October 13, 2012
To Rome with Love (2012)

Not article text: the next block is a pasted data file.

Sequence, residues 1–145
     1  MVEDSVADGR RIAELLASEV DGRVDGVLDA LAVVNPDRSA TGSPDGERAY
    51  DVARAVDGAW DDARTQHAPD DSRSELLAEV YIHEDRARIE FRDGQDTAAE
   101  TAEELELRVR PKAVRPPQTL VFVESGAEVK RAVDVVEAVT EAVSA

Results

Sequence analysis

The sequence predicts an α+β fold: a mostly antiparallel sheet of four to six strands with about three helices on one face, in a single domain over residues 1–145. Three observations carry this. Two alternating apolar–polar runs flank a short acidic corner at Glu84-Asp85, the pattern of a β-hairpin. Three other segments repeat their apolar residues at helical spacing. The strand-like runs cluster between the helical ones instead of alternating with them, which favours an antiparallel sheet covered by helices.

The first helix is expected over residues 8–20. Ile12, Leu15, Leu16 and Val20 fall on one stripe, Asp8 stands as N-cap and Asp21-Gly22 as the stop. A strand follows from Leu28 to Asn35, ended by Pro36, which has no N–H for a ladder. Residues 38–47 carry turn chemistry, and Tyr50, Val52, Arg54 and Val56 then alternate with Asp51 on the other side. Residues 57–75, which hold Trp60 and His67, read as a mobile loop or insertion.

"To Rome with Love" narrates four stories where the only thing in common is the fact that they take place on the streets of Rome. In the first one, Jerry and Phyllis (Woody Allen and Judy Davis) are a marriage traveling to Rome in order to meet their future son-in-law Michelangelo (Flavio Parenti), who knew their daughter Hayley (Alison Pill) during her last vacations. Things get complicated when Jerry discovers that Michelangelo's father Giancarlo (Fabio Armiliato) has an extraordinary (and wasted) gift for singing opera. The second story is about Leopoldo (Roberto Benigni), a typical office worker who one day becomes a celebrity for no apparent reason, taking him to experience the problems that come with fame. The third involves young student Jack (Jesse Eisenberg), whom is in the middle of a crisis when he falls in love with his girlfriend's (Greta Gerwig) best friend, the extroverted actress Monica (Ellen Page). Finally, the fourth tale deals with Antonio (Alessandro Tibero) and Milly (Alessandra Mastronardi), a recently married couple whom discover Rome's delights when they are accidentally separated.